It is becoming increasingly clear that we have strong options for confronting climate change. With each week there seems to be some new advance or positive movement. But we must make the choice to turn away from harmful fossil fuels together. And, unfortunately, this issue has been clouded by harmful political actors which puts everything we’ve worked for up until this point into jeopardy.

Links:

London-Paris Electric Flight in a Decade

Tesla Now Worth More Than Ford, GM

Tesla

Wright Electric

Hat tip to Wharf Rat

Hat tip to Greg

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47 Comments

  1. Tesla should reach 500,000 cars a year sales in 2018. This will be enough to take EV & PHEV sales to 5% of US new car/light truck sales. But there will also be a new Leaf, new all electric VW, etc.

    Reply
  2. Vic

     /  April 5, 2017

    Remnants of Tropical Cyclone “Debbie” have reached New Zealand and are now dumping flooding rain across the North Island. Parts of the region have declared states of emergency and are expecting record flooding Wednesday.

    …modelling suggested that the Whanganui River, New Zealand’s longest navigable waterway, would rise to 19.3 m (63.3 feet) at Pipiriki by about 13:00 local time on Wednesday, about 4 m (13.1 feet) above the level of devastating floods of June 2015.

    https://watchers.news/2017/04/04/ex-cyclone-debbie-wreaks-havoc-across-north-island-new-zealand/

    Reply
    • The storm that just won’t quit.

      Reply
      • lesliegraham1

         /  April 5, 2017

        Tell me about it.
        Still lashing down right now and rattling the windows. I think this might be the last of it for this area (just south of Auckland) though.
        Rain is always good news here – especially as we have had both the driest year on record (2015) and the hottest year on record (2016). The wettest year on record would give us a hat-trick and replenish the soil moisture deficit that has been building up.

        Reply
        • lesliegraham1

           /  April 5, 2017

          The New Zealand radio DJ’s have suddenly all become climate scientists now and have been endlessly repeating: “It has nothing to do with global warming…squawk!…it has nothing to do with global warming…squawk!…it has nothing to do with global warming…squawk!…it has nothing….” all sodden day.

        • Sounds like a very loud desperation has settled in among the climate change denial media.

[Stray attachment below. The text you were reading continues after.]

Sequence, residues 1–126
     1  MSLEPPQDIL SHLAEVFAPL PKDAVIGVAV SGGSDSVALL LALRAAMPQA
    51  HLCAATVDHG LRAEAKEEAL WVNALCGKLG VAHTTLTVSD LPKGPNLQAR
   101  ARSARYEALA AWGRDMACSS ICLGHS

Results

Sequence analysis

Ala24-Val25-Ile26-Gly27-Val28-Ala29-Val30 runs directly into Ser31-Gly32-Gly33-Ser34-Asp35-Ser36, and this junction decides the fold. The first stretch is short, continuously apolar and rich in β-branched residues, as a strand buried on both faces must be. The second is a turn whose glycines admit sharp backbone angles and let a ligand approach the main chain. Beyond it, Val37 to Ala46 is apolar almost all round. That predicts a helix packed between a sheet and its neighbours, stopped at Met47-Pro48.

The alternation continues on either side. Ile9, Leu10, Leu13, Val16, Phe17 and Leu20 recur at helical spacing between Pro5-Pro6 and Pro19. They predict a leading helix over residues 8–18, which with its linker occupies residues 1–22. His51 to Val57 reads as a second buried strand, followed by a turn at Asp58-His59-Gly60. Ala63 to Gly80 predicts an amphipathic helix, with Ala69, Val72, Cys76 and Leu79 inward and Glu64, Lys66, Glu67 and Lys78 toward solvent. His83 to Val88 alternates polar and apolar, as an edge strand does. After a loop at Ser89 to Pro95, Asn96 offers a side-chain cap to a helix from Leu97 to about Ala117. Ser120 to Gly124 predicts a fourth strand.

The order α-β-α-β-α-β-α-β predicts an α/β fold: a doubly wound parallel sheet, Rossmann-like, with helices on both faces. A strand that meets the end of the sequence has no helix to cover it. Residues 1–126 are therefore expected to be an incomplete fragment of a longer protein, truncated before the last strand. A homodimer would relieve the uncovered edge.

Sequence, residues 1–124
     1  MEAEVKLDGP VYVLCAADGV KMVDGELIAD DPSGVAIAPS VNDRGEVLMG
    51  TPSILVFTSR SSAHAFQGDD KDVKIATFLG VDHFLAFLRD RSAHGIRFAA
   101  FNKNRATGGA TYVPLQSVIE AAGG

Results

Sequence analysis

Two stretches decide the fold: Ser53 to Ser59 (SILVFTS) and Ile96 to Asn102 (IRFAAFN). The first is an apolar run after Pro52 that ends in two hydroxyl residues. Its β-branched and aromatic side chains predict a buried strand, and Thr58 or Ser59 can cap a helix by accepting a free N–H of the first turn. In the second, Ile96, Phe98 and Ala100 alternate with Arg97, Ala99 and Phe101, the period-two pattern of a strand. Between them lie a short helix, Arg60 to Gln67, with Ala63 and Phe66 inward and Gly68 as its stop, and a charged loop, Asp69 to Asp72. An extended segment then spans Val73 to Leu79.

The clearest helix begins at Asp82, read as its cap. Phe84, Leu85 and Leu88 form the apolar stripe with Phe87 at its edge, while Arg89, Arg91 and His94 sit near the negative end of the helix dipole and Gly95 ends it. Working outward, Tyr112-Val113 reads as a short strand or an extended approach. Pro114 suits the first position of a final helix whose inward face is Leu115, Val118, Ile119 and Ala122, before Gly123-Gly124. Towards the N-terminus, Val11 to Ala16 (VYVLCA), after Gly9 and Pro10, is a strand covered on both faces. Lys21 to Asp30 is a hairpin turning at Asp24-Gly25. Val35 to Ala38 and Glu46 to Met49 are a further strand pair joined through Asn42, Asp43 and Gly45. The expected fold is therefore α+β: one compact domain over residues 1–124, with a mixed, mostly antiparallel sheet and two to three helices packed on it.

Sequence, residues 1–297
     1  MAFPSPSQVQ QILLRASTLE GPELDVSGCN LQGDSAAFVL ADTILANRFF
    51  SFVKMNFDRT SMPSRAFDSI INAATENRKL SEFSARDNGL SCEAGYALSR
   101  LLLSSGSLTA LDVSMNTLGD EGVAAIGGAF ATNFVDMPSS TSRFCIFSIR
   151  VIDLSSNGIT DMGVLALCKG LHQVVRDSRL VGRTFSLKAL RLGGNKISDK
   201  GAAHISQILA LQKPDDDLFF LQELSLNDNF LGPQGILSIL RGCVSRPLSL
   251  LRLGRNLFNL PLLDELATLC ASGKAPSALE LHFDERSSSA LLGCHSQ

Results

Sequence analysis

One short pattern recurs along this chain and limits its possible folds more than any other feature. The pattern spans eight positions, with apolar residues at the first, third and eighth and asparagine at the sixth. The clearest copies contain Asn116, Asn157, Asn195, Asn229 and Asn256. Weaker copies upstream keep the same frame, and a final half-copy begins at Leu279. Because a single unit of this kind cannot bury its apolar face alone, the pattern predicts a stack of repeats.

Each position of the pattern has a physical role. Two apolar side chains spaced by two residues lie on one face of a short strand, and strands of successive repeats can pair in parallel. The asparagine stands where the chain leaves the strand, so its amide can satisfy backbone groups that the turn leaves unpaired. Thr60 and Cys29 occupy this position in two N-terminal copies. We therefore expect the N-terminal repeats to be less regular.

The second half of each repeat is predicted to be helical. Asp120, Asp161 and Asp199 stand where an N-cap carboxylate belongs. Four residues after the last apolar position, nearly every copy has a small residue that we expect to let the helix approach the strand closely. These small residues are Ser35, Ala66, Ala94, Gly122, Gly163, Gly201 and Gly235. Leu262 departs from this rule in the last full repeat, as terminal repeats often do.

• Thanks for these reports and context, Leslie.

      • Hilary

         /  April 5, 2017

        And from my town (water ankle deep in my yard, the whole town is close to sea level so if one of the many city’s pumps fail….!):
        http://www.stuff.co.nz/dominion-post/news/91249162/napier-city-council-releases-sewage-into-ahuriri-estuary-due-to-heavy-rain

        and the Capital’s airport having weather related problems with their navigation systems:
        http://www.stuff.co.nz/national/91241591/wairarapa-bridge-closed-because-of-flood-risk

        Hilary

        Reply
        • My hometown of Virginia Beach has a similar problem. The land is subsiding, the seas are rising, and whenever we get any significant rain in combination with a coastal storm there’s pretty intense flooding as the water just can’t drain.

          Thanks for the updates from your region, Hilary.

  3. Ryan in New England

     /  April 5, 2017

    It’s like a battle between hope and despair. We have great news in renewable/electric technology, sandwiched between terrible news of climate change effects and the regressive American government.

    It seems battery technology is really starting to take off. When electric becomes cheaper than fossil fuel based transportation (which is what we are currently experiencing) then the average consumer will readily embrace it. What’s happening is market forces are doing more to reduce emissions than the American government.

    This episode of Nova is the search for a super battery. It explains in simple terms how lithium-ion batteries work and the challenges that developers are trying to overcome in order to produce batteries capable of meeting the challenges of the future.

    Reply
    • Ryan in New England

       /  April 5, 2017

      And here’s a documentary about the current breakthroughs in renewable technology, like solar electricity being produced at a lower cost than fossil fuels.

      Reply